Goldman Loses Bid to Avoid Trial Over Dragon Systems Sale

Goldman Sachs Group Inc. lost a bid to avoid trial in a lawsuit over the 2000 sale of Dragon Systems Inc., a pioneer in voice-recognition software, to a Belgian competitor that collapsed following an accounting scandal.

U.S. District Judge Patti Saris in Boston yesterday declined Goldman Sachs’s request to throw out claims by James and Janet Baker, Dragon System’s founders, that Goldman Sachs failed to provide adequate advice in the sale of their $600 million company for stock in Lernout & Hauspie Speech Products NV. Goldman Sachs was paid $5 million for advising Dragon.

The Bakers, who owned 51 percent of Dragon Systems at the time of the transaction, claim they lost about $300 million and the rights to patents they developed as voice-recognition researchers, when Lernout & Hauspie failed months after it was sold. The Belgian company filed for bankruptcy protection in November 2000 after public disclosure of improper accounting forced it to restate $373 million in earnings.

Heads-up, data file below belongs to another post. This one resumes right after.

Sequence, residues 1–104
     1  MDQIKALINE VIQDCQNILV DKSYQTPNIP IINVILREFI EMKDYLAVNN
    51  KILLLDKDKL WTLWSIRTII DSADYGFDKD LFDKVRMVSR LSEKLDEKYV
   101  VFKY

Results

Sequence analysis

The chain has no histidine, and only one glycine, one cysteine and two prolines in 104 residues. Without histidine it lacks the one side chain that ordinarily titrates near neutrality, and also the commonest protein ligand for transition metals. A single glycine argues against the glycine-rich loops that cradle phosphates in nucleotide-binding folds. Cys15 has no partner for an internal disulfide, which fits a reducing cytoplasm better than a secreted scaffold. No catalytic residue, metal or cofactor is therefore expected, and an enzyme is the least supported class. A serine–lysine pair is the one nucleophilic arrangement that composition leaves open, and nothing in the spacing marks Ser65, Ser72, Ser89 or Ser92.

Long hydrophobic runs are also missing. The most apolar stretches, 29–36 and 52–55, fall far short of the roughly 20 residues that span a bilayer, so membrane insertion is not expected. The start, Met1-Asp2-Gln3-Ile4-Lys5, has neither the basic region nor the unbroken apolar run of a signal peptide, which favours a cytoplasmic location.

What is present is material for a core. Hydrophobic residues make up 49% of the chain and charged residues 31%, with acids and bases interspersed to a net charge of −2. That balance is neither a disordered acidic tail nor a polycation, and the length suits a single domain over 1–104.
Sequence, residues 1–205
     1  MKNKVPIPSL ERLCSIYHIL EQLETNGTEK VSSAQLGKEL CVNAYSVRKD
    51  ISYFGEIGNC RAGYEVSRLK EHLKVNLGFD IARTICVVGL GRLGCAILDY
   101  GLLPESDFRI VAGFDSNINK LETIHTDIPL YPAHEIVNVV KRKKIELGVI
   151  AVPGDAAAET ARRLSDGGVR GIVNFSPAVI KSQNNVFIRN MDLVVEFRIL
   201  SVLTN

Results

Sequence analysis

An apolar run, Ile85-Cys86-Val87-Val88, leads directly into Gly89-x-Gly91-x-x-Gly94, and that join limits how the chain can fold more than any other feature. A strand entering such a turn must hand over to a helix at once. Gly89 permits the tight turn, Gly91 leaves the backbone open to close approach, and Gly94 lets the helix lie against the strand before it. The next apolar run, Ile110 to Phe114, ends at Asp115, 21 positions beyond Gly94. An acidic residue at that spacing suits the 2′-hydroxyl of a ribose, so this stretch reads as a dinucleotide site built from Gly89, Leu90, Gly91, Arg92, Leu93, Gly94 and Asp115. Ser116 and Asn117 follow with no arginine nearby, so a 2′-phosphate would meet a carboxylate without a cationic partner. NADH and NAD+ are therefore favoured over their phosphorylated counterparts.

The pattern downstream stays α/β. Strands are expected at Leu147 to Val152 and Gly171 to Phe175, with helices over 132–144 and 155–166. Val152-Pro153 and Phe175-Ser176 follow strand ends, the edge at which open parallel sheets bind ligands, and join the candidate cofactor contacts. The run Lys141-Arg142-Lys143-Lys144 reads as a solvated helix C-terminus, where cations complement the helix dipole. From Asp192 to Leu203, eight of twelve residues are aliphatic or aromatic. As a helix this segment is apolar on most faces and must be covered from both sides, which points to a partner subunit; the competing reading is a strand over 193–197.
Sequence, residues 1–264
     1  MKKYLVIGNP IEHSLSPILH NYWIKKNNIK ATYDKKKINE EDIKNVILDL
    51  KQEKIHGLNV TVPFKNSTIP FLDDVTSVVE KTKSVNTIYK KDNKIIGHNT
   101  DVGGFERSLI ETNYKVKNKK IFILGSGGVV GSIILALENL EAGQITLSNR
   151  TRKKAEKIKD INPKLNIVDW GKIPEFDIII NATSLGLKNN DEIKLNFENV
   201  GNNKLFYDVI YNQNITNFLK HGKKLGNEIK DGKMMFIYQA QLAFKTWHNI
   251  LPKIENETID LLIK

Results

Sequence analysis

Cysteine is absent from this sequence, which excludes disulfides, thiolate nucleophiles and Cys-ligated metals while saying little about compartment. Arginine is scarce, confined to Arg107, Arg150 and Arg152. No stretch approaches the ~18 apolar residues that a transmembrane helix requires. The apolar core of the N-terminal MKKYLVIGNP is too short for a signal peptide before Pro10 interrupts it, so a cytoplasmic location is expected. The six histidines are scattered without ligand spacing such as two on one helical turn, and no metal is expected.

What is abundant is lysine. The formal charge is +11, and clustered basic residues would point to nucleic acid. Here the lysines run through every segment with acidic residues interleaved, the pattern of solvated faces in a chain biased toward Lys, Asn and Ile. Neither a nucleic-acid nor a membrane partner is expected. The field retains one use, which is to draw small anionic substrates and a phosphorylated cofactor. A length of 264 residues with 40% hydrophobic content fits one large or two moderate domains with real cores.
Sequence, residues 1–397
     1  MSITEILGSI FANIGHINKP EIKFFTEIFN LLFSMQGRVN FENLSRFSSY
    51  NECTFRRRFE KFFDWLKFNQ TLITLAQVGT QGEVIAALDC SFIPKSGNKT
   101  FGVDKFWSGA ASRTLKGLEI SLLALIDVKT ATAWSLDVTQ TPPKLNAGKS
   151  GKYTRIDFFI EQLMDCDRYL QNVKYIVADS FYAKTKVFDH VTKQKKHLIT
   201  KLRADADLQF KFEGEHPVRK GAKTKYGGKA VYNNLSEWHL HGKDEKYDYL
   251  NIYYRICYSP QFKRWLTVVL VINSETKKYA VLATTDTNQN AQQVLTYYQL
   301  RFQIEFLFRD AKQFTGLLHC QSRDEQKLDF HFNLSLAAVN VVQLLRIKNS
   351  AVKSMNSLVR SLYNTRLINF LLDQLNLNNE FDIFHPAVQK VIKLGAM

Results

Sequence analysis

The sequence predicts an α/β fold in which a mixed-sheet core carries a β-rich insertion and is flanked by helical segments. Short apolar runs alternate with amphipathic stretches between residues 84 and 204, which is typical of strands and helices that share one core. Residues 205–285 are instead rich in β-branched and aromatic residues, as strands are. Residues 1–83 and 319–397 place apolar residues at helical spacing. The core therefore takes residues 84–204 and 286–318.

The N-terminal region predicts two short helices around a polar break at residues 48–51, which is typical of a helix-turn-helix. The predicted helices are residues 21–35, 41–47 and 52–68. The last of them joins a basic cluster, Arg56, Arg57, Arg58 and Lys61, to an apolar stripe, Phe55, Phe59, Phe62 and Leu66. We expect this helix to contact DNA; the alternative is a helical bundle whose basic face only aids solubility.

The Bakers claim Goldman should have warned Dragon about deficiencies in Lernout & Hauspie’s accounting. Saris’s ruling yesterday clears the way for a trial in the case, which is set to begin Dec. 10.

The U.S. Securities and Exchange Commission said that Lernout & Hauspie created bogus customers, booked circular transactions with shell companies and recorded loans as sales from 1996 to 2000.

“The court has denied all of Goldman Sachs’s efforts to prevent a trial,” said Alan Cotler, the Bakers’ lawyer.

Michael DuVally, a Goldman spokesman, declined to comment on the ruling.

The case is Baker v. Goldman Sachs & Co., 09-cv-10053, U.S. District Court, District of Massachusetts (Boston).

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